Space is an environment of extreme parameters. Wide temperature swings, very low pressures (vacuum), moderate to high radiation, mechanical vibrations and impacts, etc. Thus, components for space applications, which need to stand these hard conditions, are normally very expensive and it often takes a while to include emerging technologies in the space market. This means that space components are not always that innovative.
The case of vector magnetometers is not an exception. Since the beginning of the space exploration mainly fluxgate magnetometers have been used for magnetic mapping . Fluxgates are robust sensors and massive core fluxgates present very good performances for geomagnetic mapping and further exploration in the solar system. Besides, they are normally combined with a scalar absolute sensor for calibration of the vector magnetometer.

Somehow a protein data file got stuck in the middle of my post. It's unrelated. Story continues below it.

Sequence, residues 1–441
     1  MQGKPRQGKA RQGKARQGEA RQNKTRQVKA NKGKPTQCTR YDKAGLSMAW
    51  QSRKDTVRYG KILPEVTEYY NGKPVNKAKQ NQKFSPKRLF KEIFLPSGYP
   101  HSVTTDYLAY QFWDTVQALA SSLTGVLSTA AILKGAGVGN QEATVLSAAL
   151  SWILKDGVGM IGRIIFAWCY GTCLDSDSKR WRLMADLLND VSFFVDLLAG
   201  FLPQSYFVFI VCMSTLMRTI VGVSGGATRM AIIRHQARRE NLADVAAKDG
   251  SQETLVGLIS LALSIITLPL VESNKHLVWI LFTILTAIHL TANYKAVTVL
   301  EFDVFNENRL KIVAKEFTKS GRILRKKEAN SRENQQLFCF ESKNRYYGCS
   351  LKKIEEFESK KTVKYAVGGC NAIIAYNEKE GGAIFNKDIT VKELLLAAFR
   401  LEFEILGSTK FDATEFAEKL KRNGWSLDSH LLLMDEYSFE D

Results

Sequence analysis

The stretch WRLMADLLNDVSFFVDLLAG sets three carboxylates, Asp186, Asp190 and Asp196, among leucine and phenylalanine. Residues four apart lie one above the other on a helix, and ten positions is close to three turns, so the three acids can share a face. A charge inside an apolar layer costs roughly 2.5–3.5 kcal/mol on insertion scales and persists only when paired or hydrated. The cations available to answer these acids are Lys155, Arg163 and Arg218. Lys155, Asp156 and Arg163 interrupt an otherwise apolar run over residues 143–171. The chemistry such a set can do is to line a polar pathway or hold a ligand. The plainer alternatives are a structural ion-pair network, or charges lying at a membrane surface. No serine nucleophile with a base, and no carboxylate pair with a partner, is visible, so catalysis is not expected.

In an attempt to be able to get ready as fast as possible to use emerging magnetic sensing technologies for space applications, INTA has devoted some effort in the qualification for flight use, of Commercial Off-The-Shelf (COTS) solid state magnetic sensors, as AMR and GMR sensors [2-4].
In this chapter we describe the chain of testing and adaptation of the available commercial GMR sensors for an experimental payload in a picosatellite (OPTOS, 3 kg). We present the calibration tests results and the expectations we have for the in-orbit measurements.